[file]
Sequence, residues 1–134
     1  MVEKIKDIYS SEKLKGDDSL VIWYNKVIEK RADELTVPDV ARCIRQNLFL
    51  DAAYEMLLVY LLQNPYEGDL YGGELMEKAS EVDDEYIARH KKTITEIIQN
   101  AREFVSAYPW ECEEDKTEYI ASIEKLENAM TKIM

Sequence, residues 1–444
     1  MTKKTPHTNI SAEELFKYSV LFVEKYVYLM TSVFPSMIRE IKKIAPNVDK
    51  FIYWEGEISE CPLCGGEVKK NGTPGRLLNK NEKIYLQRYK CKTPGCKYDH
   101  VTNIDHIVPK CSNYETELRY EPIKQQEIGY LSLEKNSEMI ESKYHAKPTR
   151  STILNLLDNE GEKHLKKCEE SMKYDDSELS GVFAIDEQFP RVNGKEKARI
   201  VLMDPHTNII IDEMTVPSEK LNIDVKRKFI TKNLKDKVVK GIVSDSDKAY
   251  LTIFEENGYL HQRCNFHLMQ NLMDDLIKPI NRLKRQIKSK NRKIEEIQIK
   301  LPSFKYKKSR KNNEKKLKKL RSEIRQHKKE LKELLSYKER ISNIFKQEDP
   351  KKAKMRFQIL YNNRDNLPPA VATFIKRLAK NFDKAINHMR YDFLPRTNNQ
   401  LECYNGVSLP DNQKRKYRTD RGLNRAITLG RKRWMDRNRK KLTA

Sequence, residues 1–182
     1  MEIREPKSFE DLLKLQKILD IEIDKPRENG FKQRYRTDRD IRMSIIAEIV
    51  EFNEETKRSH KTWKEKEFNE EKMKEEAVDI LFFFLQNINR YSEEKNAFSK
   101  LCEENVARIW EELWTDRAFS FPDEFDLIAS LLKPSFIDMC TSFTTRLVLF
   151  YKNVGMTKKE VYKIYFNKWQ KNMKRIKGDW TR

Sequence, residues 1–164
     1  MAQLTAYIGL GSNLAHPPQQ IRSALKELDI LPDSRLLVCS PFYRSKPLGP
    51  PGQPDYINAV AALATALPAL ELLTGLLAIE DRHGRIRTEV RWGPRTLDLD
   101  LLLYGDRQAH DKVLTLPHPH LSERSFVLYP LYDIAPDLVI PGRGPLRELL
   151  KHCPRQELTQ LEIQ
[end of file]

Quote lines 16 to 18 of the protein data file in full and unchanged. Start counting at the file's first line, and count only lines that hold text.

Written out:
     1  MEIREPKSFE DLLKLQKILD IEIDKPRENG FKQRYRTDRD IRMSIIAEIV
    51  EFNEETKRSH KTWKEKEFNE EKMKEEAVDI LFFFLQNINR YSEEKNAFSK
   101  LCEENVARIW EELWTDRAFS FPDEFDLIAS LLKPSFIDMC TSFTTRLVLF